Space Oddity

Known for his flamboyant outfits and evolution of style, David Bowie’s death drew tributes from all over the world. As a solo singer, he sold over 140 million records and was also inducted into the Rock and Roll Hall of Fame. While I didn’t take much time to listen to his songs, one of his songs stood out to me.

“Space Oddity”

Ground Control to Major Tom
Ground Control to Major Tom
Take your protein pills
and put your helmet on

Ground Control to Major Tom
Commencing countdown,
engines on
Check ignition
and may God’s love be with you

Ten, Nine, Eight, Seven, Six, Five, Four, Three, Two, One, Liftoff

This is Ground Control
to Major Tom
You’ve really made the grade
And the papers want to know whose shirts you wear
Now it’s time to leave the capsule
if you dare

This is Major Tom to Ground Control
I’m stepping through the door
And I’m floating
in a most peculiar way
And the stars look very different today

For here
Am I sitting in a tin can
Far above the world
Planet Earth is blue
And there’s nothing I can do

Though I’m past
one hundred thousand miles
I’m feeling very still
And I think my spaceship knows which way to go
Tell my wife I love her very much
she knows

Ground Control to Major Tom
Your circuit’s dead,
there’s something wrong
Can you hear me, Major Tom?
Can you hear me, Major Tom?
Can you hear me, Major Tom?
Can you….

Here am I floating
round my tin can
Far above the Moon
Planet Earth is blue
And there’s nothing I can do.

First off, the headphones I have do weird things to this song. I hear mainly vocals and the guitar in the right earphone, while the left has the percussion. I don’t know if the song is intentionally like this but I’m too lazy to grab another set of earphones.

I actually don’t like Bowie’s vocals that much, they’re a bit too gravelly at the beginning for my taste. However, I appreciate the lyrics. While many think this song is about the moon landing in 1969, it was inspired by the movie “2001: Space Odyssey”. The lyrics tell the story of a fictional character, Major Tom, who blasts off to space and becomes lost after losing contact with ground control. The song centers around a loss of control and isolation, Major Tom relinquishing control when he steps out of the “tin can”. From then on, he’s isolated from the rest of the whole since he can longer communicate with ground control. This also mirrors the isolation that Bowie felt at this moment in his life since his evolving costumes often labeled him as odd or peculiar. Although that particular trait would make him stand out from the other musicians, it also kept him isolated.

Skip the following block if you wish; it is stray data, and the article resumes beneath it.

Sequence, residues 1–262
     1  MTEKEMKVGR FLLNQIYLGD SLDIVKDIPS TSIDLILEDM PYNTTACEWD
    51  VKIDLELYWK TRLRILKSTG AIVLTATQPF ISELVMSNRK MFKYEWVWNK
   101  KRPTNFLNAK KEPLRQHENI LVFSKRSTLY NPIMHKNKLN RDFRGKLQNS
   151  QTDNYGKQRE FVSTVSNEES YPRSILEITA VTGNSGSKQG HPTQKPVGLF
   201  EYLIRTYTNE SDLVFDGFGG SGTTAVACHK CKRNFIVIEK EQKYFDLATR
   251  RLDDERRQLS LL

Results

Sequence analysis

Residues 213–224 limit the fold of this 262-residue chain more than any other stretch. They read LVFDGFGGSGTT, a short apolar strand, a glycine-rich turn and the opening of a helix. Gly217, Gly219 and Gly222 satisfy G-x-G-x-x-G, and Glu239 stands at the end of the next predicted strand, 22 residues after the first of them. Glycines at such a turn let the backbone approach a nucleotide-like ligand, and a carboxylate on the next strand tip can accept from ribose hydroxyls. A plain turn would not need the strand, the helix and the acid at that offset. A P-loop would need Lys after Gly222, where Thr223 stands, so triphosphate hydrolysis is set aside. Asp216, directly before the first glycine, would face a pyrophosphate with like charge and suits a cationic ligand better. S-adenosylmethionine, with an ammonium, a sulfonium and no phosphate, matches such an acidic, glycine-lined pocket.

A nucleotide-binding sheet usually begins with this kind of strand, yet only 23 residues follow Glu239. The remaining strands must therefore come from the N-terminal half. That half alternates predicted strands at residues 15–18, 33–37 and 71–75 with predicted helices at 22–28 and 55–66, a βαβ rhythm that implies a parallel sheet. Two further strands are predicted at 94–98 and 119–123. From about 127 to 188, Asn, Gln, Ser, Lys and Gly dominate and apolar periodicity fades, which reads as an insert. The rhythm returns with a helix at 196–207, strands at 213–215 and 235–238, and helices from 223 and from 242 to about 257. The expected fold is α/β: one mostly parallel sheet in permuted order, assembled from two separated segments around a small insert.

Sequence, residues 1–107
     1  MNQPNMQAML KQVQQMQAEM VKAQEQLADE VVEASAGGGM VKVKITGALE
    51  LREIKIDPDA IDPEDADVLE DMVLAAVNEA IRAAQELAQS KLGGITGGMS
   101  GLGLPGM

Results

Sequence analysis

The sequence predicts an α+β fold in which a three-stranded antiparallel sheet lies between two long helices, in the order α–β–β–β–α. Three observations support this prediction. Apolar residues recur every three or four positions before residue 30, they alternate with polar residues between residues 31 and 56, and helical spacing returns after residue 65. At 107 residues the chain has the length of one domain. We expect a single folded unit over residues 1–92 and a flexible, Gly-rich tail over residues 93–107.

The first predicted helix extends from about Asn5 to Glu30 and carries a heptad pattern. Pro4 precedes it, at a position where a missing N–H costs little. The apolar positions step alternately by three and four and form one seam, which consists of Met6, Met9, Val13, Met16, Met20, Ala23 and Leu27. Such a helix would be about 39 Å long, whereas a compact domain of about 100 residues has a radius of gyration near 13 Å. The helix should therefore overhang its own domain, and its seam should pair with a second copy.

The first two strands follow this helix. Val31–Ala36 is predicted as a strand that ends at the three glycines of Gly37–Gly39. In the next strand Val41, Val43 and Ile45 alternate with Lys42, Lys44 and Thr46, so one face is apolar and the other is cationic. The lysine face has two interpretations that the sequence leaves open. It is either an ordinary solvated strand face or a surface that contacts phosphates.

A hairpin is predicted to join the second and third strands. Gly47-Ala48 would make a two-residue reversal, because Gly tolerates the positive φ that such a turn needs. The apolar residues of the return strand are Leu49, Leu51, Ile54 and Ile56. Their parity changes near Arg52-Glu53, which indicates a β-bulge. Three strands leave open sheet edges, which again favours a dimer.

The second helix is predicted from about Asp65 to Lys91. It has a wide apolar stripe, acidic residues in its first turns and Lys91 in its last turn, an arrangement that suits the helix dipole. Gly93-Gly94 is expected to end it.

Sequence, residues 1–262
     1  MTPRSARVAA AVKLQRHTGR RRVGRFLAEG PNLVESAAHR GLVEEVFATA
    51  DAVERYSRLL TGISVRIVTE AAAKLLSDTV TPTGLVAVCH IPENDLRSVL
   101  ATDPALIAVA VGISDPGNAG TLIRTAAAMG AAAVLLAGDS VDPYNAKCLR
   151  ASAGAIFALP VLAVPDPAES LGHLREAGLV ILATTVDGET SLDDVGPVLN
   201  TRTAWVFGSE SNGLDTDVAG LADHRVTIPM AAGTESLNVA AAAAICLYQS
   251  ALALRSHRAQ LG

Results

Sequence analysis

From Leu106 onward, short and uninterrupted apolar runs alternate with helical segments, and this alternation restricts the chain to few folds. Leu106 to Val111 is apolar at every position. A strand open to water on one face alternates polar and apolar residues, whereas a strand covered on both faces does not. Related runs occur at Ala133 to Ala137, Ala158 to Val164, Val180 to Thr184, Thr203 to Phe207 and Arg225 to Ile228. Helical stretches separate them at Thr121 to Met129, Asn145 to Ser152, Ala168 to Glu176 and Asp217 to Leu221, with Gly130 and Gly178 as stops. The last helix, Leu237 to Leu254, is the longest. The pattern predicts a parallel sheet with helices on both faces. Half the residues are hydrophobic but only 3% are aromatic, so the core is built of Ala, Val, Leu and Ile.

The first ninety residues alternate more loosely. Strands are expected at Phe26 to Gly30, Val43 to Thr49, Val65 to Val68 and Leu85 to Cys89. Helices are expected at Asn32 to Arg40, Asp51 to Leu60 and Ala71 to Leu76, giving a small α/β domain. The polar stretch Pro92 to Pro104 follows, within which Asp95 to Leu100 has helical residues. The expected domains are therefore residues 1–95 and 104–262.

Fun fact: Bowie was a regular drug user when this song was written, so who knows what the real meaning is.



2 thoughts on “Space Oddity

  1. ES says:

    So there’s a lot of talk about this song being about Bowie’s feeling of isolation from society because of his fame, his fellow artists because of his eccentric style, or pretty much everything because of his drug use, but after some later reflection, I don’t think any of these explanations are entirely valid, assuming Major Tom is an image of Bowie himself, which he has himself affirmed. This was Bowie’s “breakout” song, so to speak, so at the time of writing he was neither famous nor had he established that *unique* image we so often associate with him (ie weird clothes, weird hair, etc.). These aspects of Bowie along with the really heavy drug use didn’t actually show up until “Rise and Fall”… so unfortunately, I’m left even more baffled about this song than I was to start. :/


  2. Pingback: Comments. | The name of this blog is blowing in the wind.

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